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Edited & medically reviewed by THE BALANCE Team
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While becoming a mother must be nothing but a happy and joyous event, you may quickly develop feelings of sadness and severe mood swings. After all, your body has spent nine months growing a new life, and the task is big enough to take a major toll on your body and mind. Not to forget that the labor and delivery process is one of the most intense physical experiences the human body can ever endure.

Then suddenly, you have a new member in your life, and even though you have eagerly anticipated your baby’s arrival, it can cause a massive change in your life. So as you struggle to feed, bathe, and put the baby to sleep every day, you struggle from within. Your hormone levels fluctuate, your eating habits are taking a drastic turn, and your emotional state is going through a rapid adjustment to the new parenthood.

Given the sheer stress and overwhelmed circumstances, it’s natural to undergo a mood shift, usually referred to as postpartum blues or baby blues. Postpartum blues are prevalent in new mothers, and most can overcome them within a few days. But for some, the condition continues to worsen, leading to a much more serious mental health disorder called postpartum depression (PPD). It is crucial to learn the difference between postpartum blues vs. depression, as the latter can be tough to manage and requires medical help.

There is a significant difference between postpartum blues and postpartum depression in terms of symptoms. While the former tends to be milder in severity, the latter significantly affects every aspect of life and comes with more challenges and difficulties.

Following are some common postpartum blues symptoms that all new moms typically develop:

  • Trouble eating and concentrating
  • Impatience
  • Occasional anxious thoughts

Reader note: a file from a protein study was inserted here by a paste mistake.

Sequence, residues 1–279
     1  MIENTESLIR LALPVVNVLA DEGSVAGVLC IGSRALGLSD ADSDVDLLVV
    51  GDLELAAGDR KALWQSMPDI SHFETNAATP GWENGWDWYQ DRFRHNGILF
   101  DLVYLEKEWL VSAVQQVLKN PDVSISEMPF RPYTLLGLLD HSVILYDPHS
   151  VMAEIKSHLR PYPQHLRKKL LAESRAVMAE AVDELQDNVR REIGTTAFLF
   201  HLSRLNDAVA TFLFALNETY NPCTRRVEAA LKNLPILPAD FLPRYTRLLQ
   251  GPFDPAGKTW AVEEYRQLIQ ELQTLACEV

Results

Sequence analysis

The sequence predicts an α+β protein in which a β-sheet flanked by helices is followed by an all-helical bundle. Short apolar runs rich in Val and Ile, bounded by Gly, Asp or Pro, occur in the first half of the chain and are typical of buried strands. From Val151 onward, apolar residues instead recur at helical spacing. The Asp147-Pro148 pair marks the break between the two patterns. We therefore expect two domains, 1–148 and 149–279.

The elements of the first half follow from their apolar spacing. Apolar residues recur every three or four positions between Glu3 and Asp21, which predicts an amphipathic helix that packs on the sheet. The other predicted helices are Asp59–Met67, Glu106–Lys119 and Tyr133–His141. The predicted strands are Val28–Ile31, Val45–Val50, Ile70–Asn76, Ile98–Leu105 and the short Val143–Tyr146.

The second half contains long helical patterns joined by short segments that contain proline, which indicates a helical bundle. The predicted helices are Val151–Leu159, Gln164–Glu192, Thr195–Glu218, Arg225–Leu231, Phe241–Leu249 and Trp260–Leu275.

• Feeling cranky or overwhelmed
  • Grumpiness and irritability
  • Doubting the ability to take care of the new baby
  • Exhaustion
  • Experiencing sudden feelings of sadness
  • Crying over minor things
  • Struggling to make decisions
  • Trouble with sleep

Postpartum depression, on the other hand, hits much more severely, leading to symptoms like:

  • Constant anger, restlessness, and irritability
  • Decreased appetite
  • Excessive crying
  • Low self-worth
  • Feeling as if you have failed as a parent
  • Extremely low energy
  • Insomnia
  • Nightmares
  • Suicidal ideation
  • Feeling disconnected from life
  • Obsessive racing thoughts
  • Problems bonding with baby
  • Wanting to run away from life
  • Withdrawing from friends and family

In addition to the severity of symptoms, baby blues also differ from postpartum depression in terms of the timeline of these symptoms.

Mentioned below is an overview of the postpartum depression timeline:


Many women develop prenatal anxiety, usually 3 or 4 months before giving birth. These symptoms tend to linger even after delivering the baby and may eventually become postpartum depression disorders.


Most women start experiencing postpartum depression symptoms immediately after giving birth. These symptoms typically begin within 48 hours and may last up to 4 weeks post-childbirth. They are often acute and severe and can debilitate any mother’s life.

One to Six Months Postpartum

This time duration is when mothers are most vulnerable to developing severe symptoms of PPD.  Most of them, however, experience gradual resolution until six months.

Six Months to One Year Postpartum

Some women do not develop postpartum symptoms until six months following childbirth. Known as delayed PPD, these symptoms can be easily shocking for many as they are not anticipating it.

One to Four Years Postpartum

Rarely do some women report developing PPD symptoms up to four years following childbirth. These long-term symptoms can be challenging to cope with and may affect the quality of life of the entire family.

Postpartum Blues Timeline

The timeline for postpartum blues is much shorter, and the symptoms may develop within two to three days following birth. These symptoms are not persistent like those of PPD and typically occur for a few minutes to a few hours daily. They tend to peak within 7-9 days and eventually subside within 14 days after childbirth.

Baby blues will likely fade within the first two weeks following childbirth as the mothers learn to adjust to their new lives. In the meantime, experts suggest practicing the following tips to come out of a postpartum slump:

Lower the bar

Remind yourself that these overwhelming feelings are only temporary, and you will likely feel much more comfortable within a few weeks, if not days. So, for now, lower your expectations of yourself and remind yourself that no one can be a perfect parent.

Ask for support

Taking care of a newborn with regular feeding sessions, frequent nappy changes, piles of dirty laundry, and dishes all by yourself can be beyond depressing. If you have a partner or a loved one you can rely on, don’t be ashamed to ask for help.

Treat yourself